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Why your next vacation should be in Sicily

The Temple of Concordia in the Valley of the Temples, in Agrigento, Sicily, Italy. It’s one of seven Greek temples in the area that date to ancient times and have been declared a UNESCO World Heritage site.

Where: Sicily

When to go: If sunshine is more important than warmth, go in April. Or choose October if you’ll put up with a few showers in exchange for warmer temperatures. Summer is great for beach lovers, but it’s crowded.

Why go: Sicily’s culture has been richly molded by adversity. Plagues, earthquakes, wars, enslavements, revolts and volcanic eruptions have played outsize roles in its dramatic history. The island’s dizzying succession of conquering kingdoms left behind fascinating architectural remnants, including some of the world’s best-preserved ancient Greek ruins. Plus, the food is great and the scenery lovely.

Logistics: Take a nonstop flight to Rome (Alitalia flies nonstop from Dulles), and then take a connecting flight to either Catania or Palermo. The best way to see Sicily is via rental car. Driving on the main roads is very manageable, although the larger cities can be daunting.

Money: The currency is the euro. Credit cards are accepted at most urban restaurants, hotels and shops, but keep cash on hand.

Snow-covered Mount Etna, Europe’s most active volcano, spews lava during an eruption seen from the Sicilian village of Pozzillo, Italy. Mount Etna is a very active volcano, where eruptions of smoke and sometimes lava is a sight for visitors to Sicily and locals alike

Paperwork: U.S. citizens don’t need a visa when traveling to Italy for up to 90 days. Passports need to be valid for at least six months beyond the travel period.

Language: Some argue that Sicilian is an Italian dialect, not a distinct language, but it’s safe to say that an Italian would not understand a conversation among Sicilians. Even within the island, there are dozens of dialects. (Example: Tears of joy were shed at my son’s baptism when my grandfather-in-law and my uncle discovered they shared the same minor Agrigento dialect.) English is not widely spoken outside the tourist centers. Italian is understood. Learning a few Sicilian words will be appreciated. Try using “salutamu” instead of “ciao” as a greeting.

Health: No special precautions. Sticking to bottled water in rural areas is prudent.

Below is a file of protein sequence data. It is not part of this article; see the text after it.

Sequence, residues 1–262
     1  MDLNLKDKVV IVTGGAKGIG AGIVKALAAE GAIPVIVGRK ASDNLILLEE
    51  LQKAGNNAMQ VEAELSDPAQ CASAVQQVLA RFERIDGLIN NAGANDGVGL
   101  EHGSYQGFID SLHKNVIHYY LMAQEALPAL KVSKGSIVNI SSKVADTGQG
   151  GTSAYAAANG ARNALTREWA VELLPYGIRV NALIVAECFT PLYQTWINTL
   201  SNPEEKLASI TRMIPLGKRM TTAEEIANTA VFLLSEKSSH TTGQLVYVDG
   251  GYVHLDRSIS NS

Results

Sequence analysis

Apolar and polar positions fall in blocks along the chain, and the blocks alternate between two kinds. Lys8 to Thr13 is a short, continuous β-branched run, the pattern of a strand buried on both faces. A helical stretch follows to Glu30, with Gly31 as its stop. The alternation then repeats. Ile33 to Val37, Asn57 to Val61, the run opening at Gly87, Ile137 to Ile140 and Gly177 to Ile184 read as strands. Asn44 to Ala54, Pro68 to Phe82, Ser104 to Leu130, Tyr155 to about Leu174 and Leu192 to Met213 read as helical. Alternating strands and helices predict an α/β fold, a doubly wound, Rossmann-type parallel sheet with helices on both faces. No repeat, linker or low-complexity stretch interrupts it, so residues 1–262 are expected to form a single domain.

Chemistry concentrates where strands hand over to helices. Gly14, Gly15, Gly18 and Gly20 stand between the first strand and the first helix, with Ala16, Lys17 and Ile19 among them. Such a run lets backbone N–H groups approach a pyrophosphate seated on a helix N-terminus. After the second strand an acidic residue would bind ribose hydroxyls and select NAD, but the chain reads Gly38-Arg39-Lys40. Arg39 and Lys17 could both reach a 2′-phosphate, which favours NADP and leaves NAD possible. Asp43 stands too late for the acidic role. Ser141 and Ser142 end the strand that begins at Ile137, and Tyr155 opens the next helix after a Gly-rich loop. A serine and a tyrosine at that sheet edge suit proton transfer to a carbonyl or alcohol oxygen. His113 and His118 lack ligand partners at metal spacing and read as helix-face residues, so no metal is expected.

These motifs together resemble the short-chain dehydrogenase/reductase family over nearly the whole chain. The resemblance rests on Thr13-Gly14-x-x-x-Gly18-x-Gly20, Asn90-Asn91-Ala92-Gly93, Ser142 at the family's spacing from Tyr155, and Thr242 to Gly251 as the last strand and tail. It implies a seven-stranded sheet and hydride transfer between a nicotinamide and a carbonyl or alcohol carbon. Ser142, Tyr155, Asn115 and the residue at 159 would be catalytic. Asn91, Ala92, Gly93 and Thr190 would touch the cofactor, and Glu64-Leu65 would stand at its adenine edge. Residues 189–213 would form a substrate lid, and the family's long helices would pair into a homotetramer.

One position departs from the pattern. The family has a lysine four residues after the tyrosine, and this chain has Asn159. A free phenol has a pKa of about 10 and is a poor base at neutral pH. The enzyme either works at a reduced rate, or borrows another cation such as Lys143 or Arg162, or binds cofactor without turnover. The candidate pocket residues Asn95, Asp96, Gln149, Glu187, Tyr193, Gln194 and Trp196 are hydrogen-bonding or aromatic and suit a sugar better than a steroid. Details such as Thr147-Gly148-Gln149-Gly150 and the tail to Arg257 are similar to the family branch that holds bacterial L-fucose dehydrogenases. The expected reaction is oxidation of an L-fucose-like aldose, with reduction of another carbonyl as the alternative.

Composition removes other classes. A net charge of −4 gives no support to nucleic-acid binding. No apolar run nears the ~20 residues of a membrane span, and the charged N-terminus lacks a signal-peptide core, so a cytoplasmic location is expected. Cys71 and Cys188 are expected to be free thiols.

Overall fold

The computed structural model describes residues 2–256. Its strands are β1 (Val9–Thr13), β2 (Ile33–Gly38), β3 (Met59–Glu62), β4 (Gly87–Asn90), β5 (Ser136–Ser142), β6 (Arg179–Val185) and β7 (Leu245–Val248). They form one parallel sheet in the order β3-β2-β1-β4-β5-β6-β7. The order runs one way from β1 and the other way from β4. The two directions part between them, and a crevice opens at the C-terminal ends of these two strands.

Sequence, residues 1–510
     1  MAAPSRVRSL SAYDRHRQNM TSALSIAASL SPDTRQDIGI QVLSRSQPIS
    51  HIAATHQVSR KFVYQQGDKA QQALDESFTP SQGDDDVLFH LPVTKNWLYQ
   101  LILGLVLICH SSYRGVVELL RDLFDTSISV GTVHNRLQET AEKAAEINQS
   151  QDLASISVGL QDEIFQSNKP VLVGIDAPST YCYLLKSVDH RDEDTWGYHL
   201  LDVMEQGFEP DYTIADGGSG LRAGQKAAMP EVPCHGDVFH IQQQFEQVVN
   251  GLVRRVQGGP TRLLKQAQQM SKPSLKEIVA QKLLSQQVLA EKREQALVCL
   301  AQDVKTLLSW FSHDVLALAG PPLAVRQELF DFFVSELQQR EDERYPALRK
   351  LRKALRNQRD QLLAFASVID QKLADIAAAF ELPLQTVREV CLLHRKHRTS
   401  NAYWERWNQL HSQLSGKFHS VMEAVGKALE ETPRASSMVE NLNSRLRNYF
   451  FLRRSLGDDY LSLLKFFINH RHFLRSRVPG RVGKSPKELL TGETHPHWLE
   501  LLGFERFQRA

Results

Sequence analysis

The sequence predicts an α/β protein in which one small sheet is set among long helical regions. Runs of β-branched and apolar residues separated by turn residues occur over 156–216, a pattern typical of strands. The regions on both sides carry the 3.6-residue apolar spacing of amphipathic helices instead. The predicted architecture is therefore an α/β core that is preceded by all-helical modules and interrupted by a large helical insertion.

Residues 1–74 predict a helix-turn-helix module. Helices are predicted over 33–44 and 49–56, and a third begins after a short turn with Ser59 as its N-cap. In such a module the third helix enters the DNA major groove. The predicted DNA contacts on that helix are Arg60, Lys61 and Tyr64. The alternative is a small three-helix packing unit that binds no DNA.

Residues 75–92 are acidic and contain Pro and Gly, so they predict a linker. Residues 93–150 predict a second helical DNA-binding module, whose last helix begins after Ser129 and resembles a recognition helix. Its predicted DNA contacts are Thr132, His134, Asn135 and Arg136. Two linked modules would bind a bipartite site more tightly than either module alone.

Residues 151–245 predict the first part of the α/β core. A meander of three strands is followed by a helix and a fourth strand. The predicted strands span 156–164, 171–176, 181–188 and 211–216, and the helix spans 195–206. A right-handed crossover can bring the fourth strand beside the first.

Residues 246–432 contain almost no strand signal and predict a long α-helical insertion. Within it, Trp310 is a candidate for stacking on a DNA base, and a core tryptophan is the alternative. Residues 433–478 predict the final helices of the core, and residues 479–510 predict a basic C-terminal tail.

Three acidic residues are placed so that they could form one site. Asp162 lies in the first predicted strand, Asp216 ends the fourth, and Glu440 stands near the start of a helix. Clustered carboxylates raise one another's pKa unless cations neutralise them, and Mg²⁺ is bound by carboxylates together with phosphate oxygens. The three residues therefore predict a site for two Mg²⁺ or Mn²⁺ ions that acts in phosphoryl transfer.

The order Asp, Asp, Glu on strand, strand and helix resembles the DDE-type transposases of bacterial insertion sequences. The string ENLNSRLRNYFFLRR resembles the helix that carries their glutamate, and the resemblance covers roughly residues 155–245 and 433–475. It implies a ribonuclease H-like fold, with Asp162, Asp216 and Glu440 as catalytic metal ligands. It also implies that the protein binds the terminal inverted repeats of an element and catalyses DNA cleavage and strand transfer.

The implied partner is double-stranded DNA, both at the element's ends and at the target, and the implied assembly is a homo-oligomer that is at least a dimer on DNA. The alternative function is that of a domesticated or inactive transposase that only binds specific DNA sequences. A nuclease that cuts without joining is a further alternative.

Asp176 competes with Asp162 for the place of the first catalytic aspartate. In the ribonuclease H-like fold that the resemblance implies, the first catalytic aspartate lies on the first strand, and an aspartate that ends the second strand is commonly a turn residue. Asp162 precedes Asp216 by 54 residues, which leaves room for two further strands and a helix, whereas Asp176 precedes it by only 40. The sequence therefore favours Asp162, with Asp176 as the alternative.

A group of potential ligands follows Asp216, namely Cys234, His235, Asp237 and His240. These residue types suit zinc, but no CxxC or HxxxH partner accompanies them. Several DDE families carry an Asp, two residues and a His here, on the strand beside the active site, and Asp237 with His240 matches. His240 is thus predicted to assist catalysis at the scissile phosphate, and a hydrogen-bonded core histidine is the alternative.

Prevailing myth: Everyone who lives in Sicily is a Wiseguy, with connections to the Mafia. Even when the Cosa Nostra ruled Sicily, the vast majority of the population were not members. Instead, they were subjugated by organized crime. The Sicilian Mafia still exists, but many hope its heyday has passed.

Itinerary for first-timers: Focus on exploring Sicily’s connection to ancient Greece and Rome. The 2,700-year-old city of Syracuse and the adjacent island of Ortygia offer windows through the centuries; sites include the Greek theater, Roman amphitheater, Temple of Apollo, Altar of Hieron II, Ear of Dionysius and the Archeological Museum. And don’t miss Ortygia’s lively street market and the Piazza del Duomo with its Baroque cathedral. In the Agrigento area, the Valley of the Temples is a must, offering an array of incredibly well-preserved ancient Greek structures. About 90 minutes east of Agrigento is Villa Romana del Casale, showcasing stunning Roman mosaics. In the Palermo area, connect with Sicily’s Norman history at the Cathedral at Monreale and the Norman Palace; the city also offers several street markets for foodies. Break up the serious sightseeing with a tour of the active volcano Mount Etna and shopping in the seaside town of Taormina.

Itinerary for repeat visitors: In Palermo, take in a performance at the magnificent Teatro Massimo, Italy’s largest opera house, first opened in 1897. Delve more into Sicily’s Baroque period with a visit to the southeast cities of Ragusa and Noto. Explore Sicily’s burgeoning wine scene in the countryside around Noto and Syracuse. In the beach town of Cefalu, climb the steps to La Rocca summit and take in the view. Drive west of Syracuse to the Necropolis of Pantalica, with its honeycombs of ancient rock-cut tombs.

Eat this: Arancini (deep-fried rice balls). All versions of eggplant, but especially caponata. Any dish that includes sardines, which are caught off the coast; best if served with bucatini. And definitely cannoli, except in summer, when granita is the better choice.

Reading list: “The Leopard” by Giuseppe Tomasi di Lampedusa; “The Stone Boudoir: Travels Through the Hidden Villages of Sicily” by Theresa Maggio (out of print, but can be purchased used); “Seeking Sicily: A Cultural Journey Through Myth and Reality in the Heart of the Mediterranean,” by John Keahey.

Playlist: Traditional Sicilian folk music, especially songs that feature the chiaramedda, Sicily’s version of the bagpipes: Tunes from the musical ensemble Malanova are a good place to start. And, yes, we do love the soundtrack from “The Godfather,” but it contains only hints of traditional Sicilian tunes.

Cultural sensitivities: Don’t refer to a Sicilian as an Italian. Don’t treat Sicilians as less sophisticated than those from northern Italian regions: Stooped grandmothers in black garb are still part of the mix, but you’re more likely to see young, fashionably dressed men and women. And don’t make jokes about the Mafia.

Souvenirs: Pottery from the town of Caltagirone; a ceramic three-legged Trinacria, the symbol of Sicily; a handmade marionette; traditional Sicilian marzipan.

Carol Sottili is a former Washington Post travel writer, specializing in travel deals. Find her on Twitter: @carolsottili.